Your immune system makes its own antiviral drug − and it’s likely one of the most ancient

Antiviral drugs are generally considered to be a 20th century invention. But recent research has uncovered an unexpected facet to your immune system: It can synthesize its own antiviral molecules in response to viral infections.

My laboratory studies a protein that makes these natural antiviral molecules. Far from a modern human invention, nature evolved cells to make their own “drugs” as the earliest defense against viruses.

How antivirals work

Viruses have no independent life cycle – they are completely dependent on the cells they infect to supply all the chemical building blocks needed to replicate themselves. Once inside a cell, the virus hijacks its machinery and turns it into a factory to make hundreds of new viruses.

Antiviral drugs are molecules that inactivate proteins essential to the functioning of the virus by exploiting the fundamental differences in the way that cells and viruses replicate.

One key difference between cells and most viruses is how they store their genetic information. All cells use DNA to store their genetic information. DNA is a long, chainlike molecule built from four different chemical building blocks, each representing a different “letter” of the genetic code. These building blocks are connected by chemical bonds in a head-to-tail fashion to produce strings of millions of letters. The order of these letters spells out the genetic blueprint for building a new cell.

Many viruses, however, store their genetic information using RNA. RNA is built from a chain of four chemical letters, just like DNA, but the letters have slightly different molecular structures. RNA is single-stranded, while DNA is double-stranded. Viral genomes are also much smaller than cellular genomes, typically only a few thousand letters long.

Diagram of the mechanisms of four classes of HIV antivirals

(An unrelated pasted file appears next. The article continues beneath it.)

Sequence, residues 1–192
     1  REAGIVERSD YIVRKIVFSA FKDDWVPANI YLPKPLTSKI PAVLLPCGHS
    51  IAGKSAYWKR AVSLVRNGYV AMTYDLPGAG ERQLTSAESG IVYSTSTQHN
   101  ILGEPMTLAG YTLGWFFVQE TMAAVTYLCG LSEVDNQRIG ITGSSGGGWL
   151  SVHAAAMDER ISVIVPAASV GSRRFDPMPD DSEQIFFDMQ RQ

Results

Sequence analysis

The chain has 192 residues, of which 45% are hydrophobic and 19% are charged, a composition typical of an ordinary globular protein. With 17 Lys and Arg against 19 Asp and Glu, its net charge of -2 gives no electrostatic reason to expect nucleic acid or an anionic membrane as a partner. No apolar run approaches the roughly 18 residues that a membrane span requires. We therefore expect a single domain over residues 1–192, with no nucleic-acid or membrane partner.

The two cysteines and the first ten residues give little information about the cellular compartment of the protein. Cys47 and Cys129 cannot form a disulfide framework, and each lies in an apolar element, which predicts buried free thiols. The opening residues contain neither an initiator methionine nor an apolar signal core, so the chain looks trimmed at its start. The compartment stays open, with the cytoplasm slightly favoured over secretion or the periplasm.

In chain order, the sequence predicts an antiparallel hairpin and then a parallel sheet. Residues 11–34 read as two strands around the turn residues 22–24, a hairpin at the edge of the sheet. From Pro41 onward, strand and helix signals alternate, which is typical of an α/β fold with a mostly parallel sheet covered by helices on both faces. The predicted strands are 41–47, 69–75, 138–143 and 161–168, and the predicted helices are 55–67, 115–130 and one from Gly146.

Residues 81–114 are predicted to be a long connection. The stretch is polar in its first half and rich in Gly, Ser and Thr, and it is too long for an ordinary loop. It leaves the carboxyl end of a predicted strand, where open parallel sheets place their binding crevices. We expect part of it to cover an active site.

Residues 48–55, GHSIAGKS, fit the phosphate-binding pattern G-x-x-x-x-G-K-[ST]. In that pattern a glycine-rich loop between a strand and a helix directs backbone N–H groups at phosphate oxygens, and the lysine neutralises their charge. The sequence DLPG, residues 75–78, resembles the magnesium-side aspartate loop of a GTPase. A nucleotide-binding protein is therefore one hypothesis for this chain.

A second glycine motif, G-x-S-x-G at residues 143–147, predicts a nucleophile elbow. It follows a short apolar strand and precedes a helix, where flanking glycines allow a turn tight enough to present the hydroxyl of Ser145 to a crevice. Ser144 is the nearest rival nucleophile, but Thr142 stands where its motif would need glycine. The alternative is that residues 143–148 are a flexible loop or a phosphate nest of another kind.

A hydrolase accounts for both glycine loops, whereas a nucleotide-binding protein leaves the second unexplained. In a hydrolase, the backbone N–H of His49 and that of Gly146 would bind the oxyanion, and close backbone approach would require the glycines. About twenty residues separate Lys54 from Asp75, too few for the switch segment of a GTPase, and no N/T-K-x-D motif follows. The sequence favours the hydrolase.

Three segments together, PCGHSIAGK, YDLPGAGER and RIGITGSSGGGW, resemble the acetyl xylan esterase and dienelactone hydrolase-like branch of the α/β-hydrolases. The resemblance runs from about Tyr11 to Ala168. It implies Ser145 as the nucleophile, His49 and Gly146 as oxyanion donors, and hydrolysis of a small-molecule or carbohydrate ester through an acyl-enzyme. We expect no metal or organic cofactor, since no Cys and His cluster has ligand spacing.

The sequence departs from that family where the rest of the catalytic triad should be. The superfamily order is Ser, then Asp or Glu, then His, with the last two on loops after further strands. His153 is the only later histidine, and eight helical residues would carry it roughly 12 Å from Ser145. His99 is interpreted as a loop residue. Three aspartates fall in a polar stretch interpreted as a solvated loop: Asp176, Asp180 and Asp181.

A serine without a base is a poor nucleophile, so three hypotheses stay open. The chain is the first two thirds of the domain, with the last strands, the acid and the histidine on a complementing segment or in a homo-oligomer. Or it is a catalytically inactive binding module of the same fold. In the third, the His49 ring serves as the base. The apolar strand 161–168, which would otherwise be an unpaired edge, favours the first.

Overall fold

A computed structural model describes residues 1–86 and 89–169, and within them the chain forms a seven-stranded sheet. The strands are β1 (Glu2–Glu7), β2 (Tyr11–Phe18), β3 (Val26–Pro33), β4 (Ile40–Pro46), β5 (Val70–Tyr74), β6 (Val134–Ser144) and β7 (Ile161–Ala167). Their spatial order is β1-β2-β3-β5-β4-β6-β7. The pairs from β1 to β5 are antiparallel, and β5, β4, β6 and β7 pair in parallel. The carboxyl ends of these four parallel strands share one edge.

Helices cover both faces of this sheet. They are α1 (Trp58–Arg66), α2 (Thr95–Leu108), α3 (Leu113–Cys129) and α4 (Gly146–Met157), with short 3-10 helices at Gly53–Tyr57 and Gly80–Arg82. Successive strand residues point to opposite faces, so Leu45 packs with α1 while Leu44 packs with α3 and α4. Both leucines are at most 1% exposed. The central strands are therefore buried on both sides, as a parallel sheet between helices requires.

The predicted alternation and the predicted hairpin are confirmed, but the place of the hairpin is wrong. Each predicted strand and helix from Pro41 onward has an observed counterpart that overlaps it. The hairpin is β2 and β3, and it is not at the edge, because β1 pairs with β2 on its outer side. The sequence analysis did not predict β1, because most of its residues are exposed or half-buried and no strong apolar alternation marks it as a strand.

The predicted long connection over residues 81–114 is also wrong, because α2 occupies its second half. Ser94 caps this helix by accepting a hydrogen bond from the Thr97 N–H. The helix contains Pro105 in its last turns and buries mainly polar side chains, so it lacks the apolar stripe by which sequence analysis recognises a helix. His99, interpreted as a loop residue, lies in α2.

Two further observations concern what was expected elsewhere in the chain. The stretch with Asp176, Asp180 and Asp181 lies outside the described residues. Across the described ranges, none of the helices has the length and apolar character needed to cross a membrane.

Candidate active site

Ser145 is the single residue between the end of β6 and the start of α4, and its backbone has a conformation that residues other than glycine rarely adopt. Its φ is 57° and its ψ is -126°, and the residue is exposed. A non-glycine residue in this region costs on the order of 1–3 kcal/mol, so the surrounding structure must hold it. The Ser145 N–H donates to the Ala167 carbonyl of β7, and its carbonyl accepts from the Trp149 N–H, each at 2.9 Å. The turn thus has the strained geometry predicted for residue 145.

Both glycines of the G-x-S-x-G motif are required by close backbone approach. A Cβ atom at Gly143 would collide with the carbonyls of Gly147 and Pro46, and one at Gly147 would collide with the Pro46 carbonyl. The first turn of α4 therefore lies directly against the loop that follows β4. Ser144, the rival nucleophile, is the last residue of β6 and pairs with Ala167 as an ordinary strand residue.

This diagram shows how four different classes of antiviral drugs inhibit HIV. One stops viruses from entering cells, and three inhibit different viral enzymes.
Thomas Splettstoesser/Wikimedia Commons, CC BY-SA

When a virus replicates, it makes many copies of its RNA genome using a protein called RNA polymerase. The polymerase starts at one end of the existing RNA chain and “reads” the string of chemical letters one at a time, selecting the appropriate building block and adding it to the growing strand of RNA. This process is repeated until the entire sequence of letters has been copied to form a new RNA chain.

One class of antiviral drugs interferes with the RNA copying process in a cunning way. The head-to-tail construction of the RNA chain requires each chemical letter to have two connection points – a head to connect to the previous letter and a tail to allow the following letter to be added on. These antivirals mimic one of the chemical letters but crucially lack the tail connection point. If the RNA polymerase mistakes the drug for the intended chemical letter and adds it to the growing RNA chain, the copying process stops…

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